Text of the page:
After checking in, I ran into my great friend from Ferrari days, Mike Parkes, and he suggested we try a new restaurant in the countryside, about which he had received glowing reports. Inside only one table remained vacant, to which the maitre d’ guided us. Picture, if you will, my horror as we recognised the Filipinetti team seated at the adjacent table, and in the chair closest to me sat Ugolini, the man who whom I had behaved so shamefully! To my relief he simply wagged his finger at me in mock admonition, with a barely disguised twinkle in his eye.,/p>
The following morning, I saw the 908 for the first time; it was immaculate, in gleaming dark blue and white livery. I had raced previously in the USA, and knew they took this kind of thing seriously, more so in fact than most European teams, where even works Ferraris could be fairly described as tatty.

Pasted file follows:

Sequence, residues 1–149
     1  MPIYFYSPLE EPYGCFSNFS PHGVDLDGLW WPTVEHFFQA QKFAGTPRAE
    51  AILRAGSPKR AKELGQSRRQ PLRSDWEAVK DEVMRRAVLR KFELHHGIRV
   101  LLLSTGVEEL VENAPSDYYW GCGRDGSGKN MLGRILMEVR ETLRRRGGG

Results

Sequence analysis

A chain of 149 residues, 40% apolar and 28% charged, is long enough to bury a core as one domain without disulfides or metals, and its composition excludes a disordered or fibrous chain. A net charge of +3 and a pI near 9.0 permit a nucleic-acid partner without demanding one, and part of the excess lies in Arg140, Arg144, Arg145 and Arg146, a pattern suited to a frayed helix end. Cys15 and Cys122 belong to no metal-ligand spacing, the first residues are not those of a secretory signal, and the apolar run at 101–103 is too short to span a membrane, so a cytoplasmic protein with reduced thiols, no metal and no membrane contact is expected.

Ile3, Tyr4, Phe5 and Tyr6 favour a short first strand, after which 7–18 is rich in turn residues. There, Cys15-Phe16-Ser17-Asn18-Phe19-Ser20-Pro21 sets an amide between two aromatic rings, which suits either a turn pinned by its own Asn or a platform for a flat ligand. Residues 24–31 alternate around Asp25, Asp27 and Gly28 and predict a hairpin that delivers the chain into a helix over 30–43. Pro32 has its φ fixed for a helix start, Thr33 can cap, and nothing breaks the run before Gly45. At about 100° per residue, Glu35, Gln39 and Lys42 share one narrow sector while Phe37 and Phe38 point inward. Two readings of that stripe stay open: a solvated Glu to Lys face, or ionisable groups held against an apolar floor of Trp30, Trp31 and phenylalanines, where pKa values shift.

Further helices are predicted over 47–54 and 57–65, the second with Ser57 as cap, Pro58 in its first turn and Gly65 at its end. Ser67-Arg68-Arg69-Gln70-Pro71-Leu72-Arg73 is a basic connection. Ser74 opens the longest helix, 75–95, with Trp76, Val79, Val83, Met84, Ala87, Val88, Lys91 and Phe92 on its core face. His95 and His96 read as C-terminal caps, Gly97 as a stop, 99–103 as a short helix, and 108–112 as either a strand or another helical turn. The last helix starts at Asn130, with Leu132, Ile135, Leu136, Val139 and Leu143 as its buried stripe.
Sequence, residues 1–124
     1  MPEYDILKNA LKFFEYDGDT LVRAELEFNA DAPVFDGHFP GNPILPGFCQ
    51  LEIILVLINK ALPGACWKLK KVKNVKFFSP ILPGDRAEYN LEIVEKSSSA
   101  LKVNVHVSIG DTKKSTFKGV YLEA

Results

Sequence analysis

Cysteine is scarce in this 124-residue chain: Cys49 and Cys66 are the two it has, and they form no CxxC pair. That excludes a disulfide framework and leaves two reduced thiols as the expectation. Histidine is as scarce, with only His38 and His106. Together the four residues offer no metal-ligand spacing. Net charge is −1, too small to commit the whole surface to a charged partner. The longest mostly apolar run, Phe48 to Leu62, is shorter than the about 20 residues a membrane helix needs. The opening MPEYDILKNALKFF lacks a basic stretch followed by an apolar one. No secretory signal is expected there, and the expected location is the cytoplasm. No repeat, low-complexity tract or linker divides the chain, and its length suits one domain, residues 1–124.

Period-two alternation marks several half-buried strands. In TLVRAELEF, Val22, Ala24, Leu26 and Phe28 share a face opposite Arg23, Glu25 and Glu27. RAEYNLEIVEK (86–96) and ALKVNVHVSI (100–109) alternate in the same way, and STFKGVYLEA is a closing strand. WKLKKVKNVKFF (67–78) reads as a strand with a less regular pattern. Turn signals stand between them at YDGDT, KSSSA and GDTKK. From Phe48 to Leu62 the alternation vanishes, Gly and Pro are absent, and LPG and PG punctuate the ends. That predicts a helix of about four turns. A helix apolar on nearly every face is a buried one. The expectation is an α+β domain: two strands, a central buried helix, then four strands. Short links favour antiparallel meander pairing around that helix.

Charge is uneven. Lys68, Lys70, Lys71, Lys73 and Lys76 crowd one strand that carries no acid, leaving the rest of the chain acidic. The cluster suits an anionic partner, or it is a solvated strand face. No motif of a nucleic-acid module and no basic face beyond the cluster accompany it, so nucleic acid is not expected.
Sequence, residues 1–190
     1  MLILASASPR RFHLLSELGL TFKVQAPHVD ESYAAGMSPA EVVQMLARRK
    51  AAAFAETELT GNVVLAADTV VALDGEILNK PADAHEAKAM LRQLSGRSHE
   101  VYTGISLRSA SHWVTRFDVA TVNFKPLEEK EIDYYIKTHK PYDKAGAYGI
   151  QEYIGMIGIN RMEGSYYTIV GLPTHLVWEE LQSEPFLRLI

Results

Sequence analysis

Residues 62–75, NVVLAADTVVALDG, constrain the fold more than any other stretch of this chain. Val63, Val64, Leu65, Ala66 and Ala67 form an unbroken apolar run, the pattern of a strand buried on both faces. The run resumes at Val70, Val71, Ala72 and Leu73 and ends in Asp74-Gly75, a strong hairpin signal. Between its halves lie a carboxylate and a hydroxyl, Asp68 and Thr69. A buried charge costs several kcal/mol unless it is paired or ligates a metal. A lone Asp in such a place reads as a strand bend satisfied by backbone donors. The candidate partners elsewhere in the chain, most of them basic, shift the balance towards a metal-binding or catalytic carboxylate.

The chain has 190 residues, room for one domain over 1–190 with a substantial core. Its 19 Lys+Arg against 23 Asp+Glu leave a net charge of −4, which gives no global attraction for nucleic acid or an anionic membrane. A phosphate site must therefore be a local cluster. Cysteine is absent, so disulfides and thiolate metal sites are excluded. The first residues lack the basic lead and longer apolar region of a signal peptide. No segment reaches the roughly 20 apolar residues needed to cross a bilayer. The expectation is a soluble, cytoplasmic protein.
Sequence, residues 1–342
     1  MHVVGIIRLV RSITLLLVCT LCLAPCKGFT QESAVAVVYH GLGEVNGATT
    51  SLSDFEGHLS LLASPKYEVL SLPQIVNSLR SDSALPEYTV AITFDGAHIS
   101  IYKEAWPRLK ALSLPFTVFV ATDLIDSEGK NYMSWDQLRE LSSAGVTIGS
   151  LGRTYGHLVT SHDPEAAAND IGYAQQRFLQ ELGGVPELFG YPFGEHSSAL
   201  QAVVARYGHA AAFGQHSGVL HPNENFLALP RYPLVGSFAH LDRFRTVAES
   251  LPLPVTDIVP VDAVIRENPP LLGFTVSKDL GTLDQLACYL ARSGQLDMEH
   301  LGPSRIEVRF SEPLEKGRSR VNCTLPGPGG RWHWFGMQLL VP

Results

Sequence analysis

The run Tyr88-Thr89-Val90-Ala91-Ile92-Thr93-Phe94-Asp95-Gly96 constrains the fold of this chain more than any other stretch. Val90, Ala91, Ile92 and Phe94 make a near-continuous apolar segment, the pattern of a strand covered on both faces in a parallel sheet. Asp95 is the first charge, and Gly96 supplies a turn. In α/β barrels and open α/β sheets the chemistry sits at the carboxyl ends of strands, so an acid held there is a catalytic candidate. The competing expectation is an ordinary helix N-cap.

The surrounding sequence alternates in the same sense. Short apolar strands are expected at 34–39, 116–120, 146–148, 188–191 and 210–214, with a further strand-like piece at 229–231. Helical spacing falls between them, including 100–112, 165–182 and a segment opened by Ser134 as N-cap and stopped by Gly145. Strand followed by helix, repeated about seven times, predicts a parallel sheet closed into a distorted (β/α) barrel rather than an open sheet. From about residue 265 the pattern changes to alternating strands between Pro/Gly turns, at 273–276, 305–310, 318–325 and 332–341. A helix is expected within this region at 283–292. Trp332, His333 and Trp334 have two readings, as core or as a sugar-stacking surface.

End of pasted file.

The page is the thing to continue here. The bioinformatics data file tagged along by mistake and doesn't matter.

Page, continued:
The most obvious change to the car was the bodywork, with the addition of two large fibreglass bumps on the centreline, at the extreme front and rear, whose purpose was to shroud the cameras. These had quick release mounts to enable them, when out of film, to be substituted with recharged cameras, as this had been found to be much faster than replacing the spools. While the aesthetics were rather spoiled by the unavoidable alterations, it was nothing compared to the degradation of the handling of what had hitherto been a very nice car to drive. In the new configuration, the 908 proved to be very squirrely indeed, giving the feeling at all times that one of the rear tyres was going flat.
I can’t say whether this sorry state of affairs was due to the altered aerodynamics, a grey area in those days, or the extra weight of the high mounted cameras. Today, the whole rig would weigh a few pounds, and use two little lenses the size of a lady’s lipstick. Such is progress.